The Koreas | Security | East Asia

North Korea Says Trump Wrote Letter to Kim, Discussed Virus Response

The statement emphasized that even as Trump-Kim relations remain positive, U.S.-North Korea relations do not.

Ankit Panda
North Korea Says Trump Wrote Letter to Kim, Discussed Virus Response
Credit: Official White House Photo by Shealah Craighead

On Friday, North Korea’s official, outward-facing Korean Central News Agency ran a statement attributed to Kim Yo Jong, leader Kim Jong Un’s younger sister, stating that her brother had received a “personal letter” from U.S. President Donald J. Trump. The statement was the first significant, high-level statement on U.S.-North Korea relations to appear in North Korean state media in weeks.

Kim and Trump have not met in person since a June 30, 2019, meeting at the inter-Korean Demilitarized Zone’s Joint Security Area. The two leaders had two prior summit meetings: one on June 12, 2018, in Singapore, and another at the end of February 2019 in Hanoi, Vietnam. Relations between the United States and North Korea soured after a no-deal summit in Hanoi, with North Korea returning soon thereafter to missile testing, which had been paused for more than 500 days from late 2017 through the entirety of 2018.

According to the North Korean account of Trump’s latest letter to Kim, the U.S. president “explained his plan to propel” the bilateral relationship between the two countries. Trump additionally “expressed his intent” to collaborate with North Korea over the spread of COVID-19, which Pyongyang had earlier described as a threat to its “national survival.”

Senior North Korean officials, though not Kim Jong Un himself, were regularly pictured wearing face masks, even at military exercises earlier this month. During a recent ballistic missile test on Saturday, however, Kim was not seen accompanied by facemask-wearing senior officials, suggesting Pyongyang had assessed that the risk from COVID-19 was contained. North Korea has not acknowledged any COVID-19 infections within its borders to date.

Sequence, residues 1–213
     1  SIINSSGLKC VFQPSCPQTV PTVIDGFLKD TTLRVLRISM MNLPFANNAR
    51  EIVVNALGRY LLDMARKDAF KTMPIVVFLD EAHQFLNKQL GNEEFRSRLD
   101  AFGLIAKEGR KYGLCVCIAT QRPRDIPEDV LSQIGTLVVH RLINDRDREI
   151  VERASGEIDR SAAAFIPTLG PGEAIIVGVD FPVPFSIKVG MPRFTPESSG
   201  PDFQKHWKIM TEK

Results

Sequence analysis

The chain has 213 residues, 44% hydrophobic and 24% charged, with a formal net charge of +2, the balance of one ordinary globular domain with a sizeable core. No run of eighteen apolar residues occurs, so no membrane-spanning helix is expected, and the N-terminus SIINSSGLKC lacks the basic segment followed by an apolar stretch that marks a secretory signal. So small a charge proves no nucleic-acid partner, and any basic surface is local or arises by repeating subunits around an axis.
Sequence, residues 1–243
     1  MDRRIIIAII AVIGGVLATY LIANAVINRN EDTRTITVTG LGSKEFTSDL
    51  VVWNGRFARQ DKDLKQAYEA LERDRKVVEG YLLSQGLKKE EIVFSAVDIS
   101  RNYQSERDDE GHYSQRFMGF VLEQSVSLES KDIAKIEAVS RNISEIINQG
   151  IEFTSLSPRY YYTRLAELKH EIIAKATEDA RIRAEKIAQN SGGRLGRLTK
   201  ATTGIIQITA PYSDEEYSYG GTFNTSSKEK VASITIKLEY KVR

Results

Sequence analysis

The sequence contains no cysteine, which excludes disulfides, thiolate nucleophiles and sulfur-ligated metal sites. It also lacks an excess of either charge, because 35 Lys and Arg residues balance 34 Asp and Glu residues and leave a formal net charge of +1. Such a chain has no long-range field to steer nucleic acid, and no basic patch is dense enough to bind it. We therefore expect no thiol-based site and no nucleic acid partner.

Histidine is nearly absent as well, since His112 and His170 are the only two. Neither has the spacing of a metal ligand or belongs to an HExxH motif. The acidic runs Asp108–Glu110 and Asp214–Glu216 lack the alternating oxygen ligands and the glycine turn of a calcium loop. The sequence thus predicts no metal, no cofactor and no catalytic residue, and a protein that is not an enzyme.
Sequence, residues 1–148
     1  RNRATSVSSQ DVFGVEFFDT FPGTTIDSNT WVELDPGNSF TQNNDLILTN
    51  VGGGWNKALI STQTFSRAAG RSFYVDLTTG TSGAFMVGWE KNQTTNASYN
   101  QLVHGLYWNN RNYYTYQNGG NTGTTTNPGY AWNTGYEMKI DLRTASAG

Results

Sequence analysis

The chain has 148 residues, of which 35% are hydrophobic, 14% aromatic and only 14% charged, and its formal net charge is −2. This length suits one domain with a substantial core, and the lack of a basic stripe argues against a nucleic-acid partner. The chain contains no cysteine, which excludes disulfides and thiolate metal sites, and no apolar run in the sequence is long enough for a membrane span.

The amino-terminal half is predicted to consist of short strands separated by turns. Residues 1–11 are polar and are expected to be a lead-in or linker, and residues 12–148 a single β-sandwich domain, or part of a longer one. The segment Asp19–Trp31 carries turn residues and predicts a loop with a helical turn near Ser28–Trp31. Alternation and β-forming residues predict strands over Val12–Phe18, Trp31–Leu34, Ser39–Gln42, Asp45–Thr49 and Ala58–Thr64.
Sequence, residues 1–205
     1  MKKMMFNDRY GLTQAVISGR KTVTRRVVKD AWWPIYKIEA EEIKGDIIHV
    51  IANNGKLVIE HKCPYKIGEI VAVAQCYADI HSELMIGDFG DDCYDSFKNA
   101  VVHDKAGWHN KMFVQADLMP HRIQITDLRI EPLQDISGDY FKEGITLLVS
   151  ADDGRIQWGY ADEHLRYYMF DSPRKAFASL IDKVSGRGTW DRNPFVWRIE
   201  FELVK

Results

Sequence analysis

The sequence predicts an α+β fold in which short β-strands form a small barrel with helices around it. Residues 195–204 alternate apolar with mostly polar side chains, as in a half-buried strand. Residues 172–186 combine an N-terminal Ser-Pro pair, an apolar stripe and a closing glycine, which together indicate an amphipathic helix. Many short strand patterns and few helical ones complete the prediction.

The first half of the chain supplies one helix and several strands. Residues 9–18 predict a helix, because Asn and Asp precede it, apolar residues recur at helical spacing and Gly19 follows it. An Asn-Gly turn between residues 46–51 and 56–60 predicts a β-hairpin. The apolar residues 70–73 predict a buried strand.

“We regard it as a good judgment and proper action for the U.S. president to make efforts to keep the good relations he had with our Chairman by sending a personal letter again at a time as now when big difficulties and challenges lie in the way of developing the bilateral relations, and think that this should be highly estimated,” Kim Yo Jong said in her statement.

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“In the letter, [Trump] also explained his plan to propel the relations between the two countries of the DPRK and the U.S. and expressed his intent to render cooperation in the anti-epidemic work, saying that he was impressed by the efforts made by the Chairman to defend his people from the serious threat of the epidemic,” she added.

As with other prominent North Korean statements in the aftermath of the Hanoi summit, Kim Yo Jong was deliberate in differentiating the bilateral U.S.-North Korea relationship from the personal Kim-Trump relationship, stating that even though the latter might be “firm,” the former remains troubled.

“Fortunately, the personal relations between the two top leaders are not as far away as the relations of confrontation between the two countries, and they are very excellent,” Kim Yo Jong said. “But the relations between the DPRK and the U.S. and their development should not be judged in haste in the light of the personal relations between the two top leaders, and furthermore, neither predictions nor expectations should be made based on them,” she added.